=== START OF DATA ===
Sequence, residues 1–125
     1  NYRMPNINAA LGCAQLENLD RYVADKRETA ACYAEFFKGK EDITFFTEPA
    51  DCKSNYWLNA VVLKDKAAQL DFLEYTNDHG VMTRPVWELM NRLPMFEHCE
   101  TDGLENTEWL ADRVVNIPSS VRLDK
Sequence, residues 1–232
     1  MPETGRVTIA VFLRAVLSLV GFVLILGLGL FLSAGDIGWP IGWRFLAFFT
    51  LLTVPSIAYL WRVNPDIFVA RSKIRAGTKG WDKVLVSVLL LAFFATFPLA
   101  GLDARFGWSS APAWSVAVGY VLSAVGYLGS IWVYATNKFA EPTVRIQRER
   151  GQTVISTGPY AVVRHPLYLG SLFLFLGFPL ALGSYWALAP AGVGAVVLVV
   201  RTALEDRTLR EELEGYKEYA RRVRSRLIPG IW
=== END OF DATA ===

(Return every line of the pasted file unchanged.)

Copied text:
Sequence, residues 1–125
     1  NYRMPNINAA LGCAQLENLD RYVADKRETA ACYAEFFKGK EDITFFTEPA
    51  DCKSNYWLNA VVLKDKAAQL DFLEYTNDHG VMTRPVWELM NRLPMFEHCE
   101  TDGLENTEWL ADRVVNIPSS VRLDK
Sequence, residues 1–232
     1  MPETGRVTIA VFLRAVLSLV GFVLILGLGL FLSAGDIGWP IGWRFLAFFT
    51  LLTVPSIAYL WRVNPDIFVA RSKIRAGTKG WDKVLVSVLL LAFFATFPLA
   101  GLDARFGWSS APAWSVAVGY VLSAVGYLGS IWVYATNKFA EPTVRIQRER
   151  GQTVISTGPY AVVRHPLYLG SLFLFLGFPL ALGSYWALAP AGVGAVVLVV
   201  RTALEDRTLR EELEGYKEYA RRVRSRLIPG IW